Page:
Average Brew Time – This panel is fairly self-explanatory, but I wanted to see if I could not only figure out how long each individual cup of coffee takes to make, but also on average, how long should I be expecting a cup to take? This type of mathematical function could help me later on to determine numerical outliers in my brew times. It could also help me paint a picture of really how convenient it is for someone like me to just make my own coffee in the morning rather than spend the time driving somewhere.
Yesterday’s Energy Usage – This is a panel that is pretty self-explanatory. What I’ve done is created a single-value visualization to show me how many kilowatt hours (kWh) my coffee maker used yesterday. This will show how much energy it takes me to brew a cup of coffee.
Brew Times – This is every single cup of coffee I’ve made during the time I specified using my time picker.
Brew Statistics – This is a detailed chart of various measures of energy usage over my specified time. I can look at Amps, Volts, Watts, and kWh all side-by-side with one another.
Total Energy Usage by Day – Last but not least, I can look at my energy usage per day. This visualization is very powerful because it shows me how much energy I’m drawing, even on days when I didn’t even make any coffee. Imagine how many other things we’re leaving plugged in in our homes that are drawing energy and providing us no value? An energy minimalist may take that information and start unplugging every appliance in their house. I can honestly say I’m not on that level, but it’s interesting to be able to quantify this.
Where did I get the data?
Retrieving this data was fairly straightforward once I had the correct tools in place. The IoT devices that made it all happen were the TP-Link HS110 and a Rasperry Pi.
– TP-Link HS110
– Raspberry Pi
– Splunk Universal Forwarder for ARM
– TP-Link HS110 Add-on for Splunk
Setting up the ingredients
The TP-Link HS110 comes with it’s own set of setup instructions, so I’m not going to reiterate them here. Suffice it to say that having a TP-Link HS110 on your network though is a very obvious required step for this project. The TP-Link HS110 has two nice features that made the project possible. For starters, it can measure energy usage in real-time. Unfortunately, the TP-Link HS100 does not have that feature, so be careful to choose the right device when you are purchasing. Second, after setting up the TP-Link HS110, this device is directly connected to WiFi in your home. This direct connections makes it completely possible for a Rasperry Pi to query it at any moment.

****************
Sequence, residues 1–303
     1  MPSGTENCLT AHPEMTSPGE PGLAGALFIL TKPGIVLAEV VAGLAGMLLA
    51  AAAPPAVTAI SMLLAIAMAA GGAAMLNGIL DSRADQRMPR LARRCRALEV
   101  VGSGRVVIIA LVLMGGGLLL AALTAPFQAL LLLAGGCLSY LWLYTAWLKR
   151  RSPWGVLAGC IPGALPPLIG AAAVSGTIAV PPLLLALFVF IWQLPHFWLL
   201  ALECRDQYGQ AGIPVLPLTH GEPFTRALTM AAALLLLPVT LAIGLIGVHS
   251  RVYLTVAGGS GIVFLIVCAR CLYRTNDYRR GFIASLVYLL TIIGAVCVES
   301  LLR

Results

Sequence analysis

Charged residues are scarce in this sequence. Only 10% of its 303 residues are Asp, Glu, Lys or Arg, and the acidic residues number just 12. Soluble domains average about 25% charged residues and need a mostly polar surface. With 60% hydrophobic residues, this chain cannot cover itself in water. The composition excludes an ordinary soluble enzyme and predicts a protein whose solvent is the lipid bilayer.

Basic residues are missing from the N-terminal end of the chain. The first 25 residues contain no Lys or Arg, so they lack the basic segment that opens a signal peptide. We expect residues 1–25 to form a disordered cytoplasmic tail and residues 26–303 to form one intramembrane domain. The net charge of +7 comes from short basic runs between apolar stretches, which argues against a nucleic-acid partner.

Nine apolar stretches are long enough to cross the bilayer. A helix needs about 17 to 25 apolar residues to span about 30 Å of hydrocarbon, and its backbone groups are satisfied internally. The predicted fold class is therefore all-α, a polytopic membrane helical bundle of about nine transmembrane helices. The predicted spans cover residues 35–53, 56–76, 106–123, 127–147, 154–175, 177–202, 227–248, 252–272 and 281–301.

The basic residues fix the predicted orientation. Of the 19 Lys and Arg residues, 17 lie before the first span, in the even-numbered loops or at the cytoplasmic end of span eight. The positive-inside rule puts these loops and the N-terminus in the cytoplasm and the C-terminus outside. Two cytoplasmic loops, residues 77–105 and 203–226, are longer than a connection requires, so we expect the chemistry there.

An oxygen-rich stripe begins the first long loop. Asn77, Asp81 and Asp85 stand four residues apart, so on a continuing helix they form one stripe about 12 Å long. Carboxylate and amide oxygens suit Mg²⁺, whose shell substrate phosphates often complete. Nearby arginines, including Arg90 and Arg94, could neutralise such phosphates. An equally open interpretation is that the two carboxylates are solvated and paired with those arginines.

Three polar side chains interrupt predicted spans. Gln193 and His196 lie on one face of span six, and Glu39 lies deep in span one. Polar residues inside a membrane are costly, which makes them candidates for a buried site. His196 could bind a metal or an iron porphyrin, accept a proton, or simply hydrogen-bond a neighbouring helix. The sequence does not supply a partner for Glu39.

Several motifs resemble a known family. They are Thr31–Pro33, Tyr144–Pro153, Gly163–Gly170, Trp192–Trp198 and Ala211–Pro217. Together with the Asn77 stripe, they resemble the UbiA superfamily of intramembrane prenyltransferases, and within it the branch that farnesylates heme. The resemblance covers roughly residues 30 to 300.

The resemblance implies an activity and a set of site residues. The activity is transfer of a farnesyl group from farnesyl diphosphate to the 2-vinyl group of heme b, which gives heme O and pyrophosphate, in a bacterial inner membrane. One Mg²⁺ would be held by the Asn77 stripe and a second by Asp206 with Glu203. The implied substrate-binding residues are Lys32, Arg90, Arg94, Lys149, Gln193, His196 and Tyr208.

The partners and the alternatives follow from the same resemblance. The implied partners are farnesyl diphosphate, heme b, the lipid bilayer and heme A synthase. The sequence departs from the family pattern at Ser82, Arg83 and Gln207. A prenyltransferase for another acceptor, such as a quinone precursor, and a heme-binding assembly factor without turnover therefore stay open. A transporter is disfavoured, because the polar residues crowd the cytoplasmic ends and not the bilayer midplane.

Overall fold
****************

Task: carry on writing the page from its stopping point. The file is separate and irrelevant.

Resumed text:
I have a Raspberry Pi running for all sorts of home automation pieces already, so in order to retrieve the data from my TP-Link HS110, I didn’t have much work to do. If you’ve never setup a Raspberry Pi before, this isn’t the blog for that topic, but there are plenty of tutorials online to get started. One specific nice feature of my Raspberry Pi is that It has a copy of the Splunk Universal Forwarder running on it. So for this project you’ll want to get your Raspberry Pi up and running and the Splunk Universal Forwarder installed. This made retrieving new data just a matter of writing the correct script and having it sent to my Splunk Enterprise installation. If you’re looking for an ARM compatible Splunk Universal Forwarder, it is freely downloadable via the Splunk Universal Forwarder download site.
TP-LINK HS110 ADD-ON FOR SPLUNK
With my Raspberry Pi in place and TP-Link hooked up, the rest was pretty straight forward. I created and installed a technology Add-on (mentioned above).